Irish Rugby
Kidney refuses to panic
ESPNscrum Staff
August 8, 2011
Ireland coach Declan Kidney casts an eye over his side, Ireland training session, Lansdowne Road, Dublin, Ireland, March 18, 2011
Ireland were impressive in defence during their 10-6 loss to Scotland on Saturday © Getty Images

Ireland boss Declan Kidney is remaining calm despite seeing his side lose 10-6 to Scotland in their first World Cup warm-up match on Saturday.

Kidney took an experimental XV to Murrayfield, containing only four players expected to start against the USA on September 11. They led a strong Scotland side 6-3 with four minutes to go, only for Joe Ansbro's well-taken try to snatch away their victory hopes. The match was a poor spectacle with Ireland failing to trouble the whitewash, but Kidney is eager to keep the performance in perspective.

"I'm not going to lose any sleep over it. I'm disappointed but I know where we are and what we've done," said the head coach. "When people looked at the two team sheets, they must have thought, 'What's going to happen here?'

"We're within four minutes of winning but we lose it, so the emotion is, `Do we think about the last 10 minutes or the 70 minutes before it?' My job is to keep a level head and that's what I'll do. We've got things to work on.

"Had we conceded five tries I wouldn't be panicking about our defence. Had we scored five tries I wouldn't be overly elated about our attack.

"Now we know where we are because you can do all the training, but it's not until you play a match that you really find out. There are definitely positives to take from that match, I know we got things out of it.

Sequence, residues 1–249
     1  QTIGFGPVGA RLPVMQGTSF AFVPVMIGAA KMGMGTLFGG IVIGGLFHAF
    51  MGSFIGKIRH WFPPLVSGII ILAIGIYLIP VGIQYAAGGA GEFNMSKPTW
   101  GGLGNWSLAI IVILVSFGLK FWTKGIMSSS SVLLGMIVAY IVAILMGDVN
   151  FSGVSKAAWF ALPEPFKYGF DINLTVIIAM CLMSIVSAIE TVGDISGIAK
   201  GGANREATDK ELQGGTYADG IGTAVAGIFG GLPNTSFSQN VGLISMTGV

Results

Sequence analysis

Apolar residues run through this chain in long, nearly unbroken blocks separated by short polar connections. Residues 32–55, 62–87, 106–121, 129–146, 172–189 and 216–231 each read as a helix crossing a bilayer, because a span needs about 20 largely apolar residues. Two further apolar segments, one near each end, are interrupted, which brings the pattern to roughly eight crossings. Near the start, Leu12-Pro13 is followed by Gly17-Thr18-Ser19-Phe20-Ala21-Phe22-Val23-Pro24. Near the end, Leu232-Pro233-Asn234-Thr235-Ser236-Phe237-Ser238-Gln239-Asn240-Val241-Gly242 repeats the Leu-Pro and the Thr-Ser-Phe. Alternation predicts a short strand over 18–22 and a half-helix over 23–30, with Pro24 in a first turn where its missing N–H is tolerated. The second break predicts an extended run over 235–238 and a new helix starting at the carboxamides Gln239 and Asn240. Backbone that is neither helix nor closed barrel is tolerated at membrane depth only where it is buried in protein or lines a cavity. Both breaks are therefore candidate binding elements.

"When we win I say there are things we need to improve on, but because we wear green the result is what people look for."

With France next up, away and home, there is a danger that Ireland may struggle to establish any momentum in their World Cup warm-up campaign. Though the four internationals scheduled are about developing match fitness and finalising selection issues, wins are necessary to build confidence.

Ireland have a poor record against France, beating them just once since 2003, but face them in Bordeaux on Saturday and in Dublin a week later. Kidney will name his team at Thursday lunchtime and hints he will be wheeling out some of his big guns.

"There will be a couple of changes. Each game will be taken on it's merits and we won't be going into any match half-baked," he said.

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